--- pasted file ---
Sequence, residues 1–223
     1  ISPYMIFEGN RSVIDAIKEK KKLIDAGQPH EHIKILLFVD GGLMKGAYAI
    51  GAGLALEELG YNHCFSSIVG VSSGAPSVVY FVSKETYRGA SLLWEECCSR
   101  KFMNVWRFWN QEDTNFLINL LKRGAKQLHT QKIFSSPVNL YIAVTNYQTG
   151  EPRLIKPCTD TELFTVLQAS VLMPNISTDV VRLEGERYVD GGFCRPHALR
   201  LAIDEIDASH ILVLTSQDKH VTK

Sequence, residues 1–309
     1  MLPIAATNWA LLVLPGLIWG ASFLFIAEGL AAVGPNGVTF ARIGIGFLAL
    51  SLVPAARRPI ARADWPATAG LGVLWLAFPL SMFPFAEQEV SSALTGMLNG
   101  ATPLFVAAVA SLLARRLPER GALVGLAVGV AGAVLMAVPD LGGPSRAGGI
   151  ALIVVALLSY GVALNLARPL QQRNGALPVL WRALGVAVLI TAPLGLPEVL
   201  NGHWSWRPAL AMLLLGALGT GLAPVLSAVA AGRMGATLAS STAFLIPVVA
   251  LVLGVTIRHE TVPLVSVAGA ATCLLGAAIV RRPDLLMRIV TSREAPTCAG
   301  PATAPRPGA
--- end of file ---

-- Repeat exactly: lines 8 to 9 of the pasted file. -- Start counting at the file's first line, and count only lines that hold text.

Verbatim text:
     1  MLPIAATNWA LLVLPGLIWG ASFLFIAEGL AAVGPNGVTF ARIGIGFLAL
    51  SLVPAARRPI ARADWPATAG LGVLWLAFPL SMFPFAEQEV SSALTGMLNG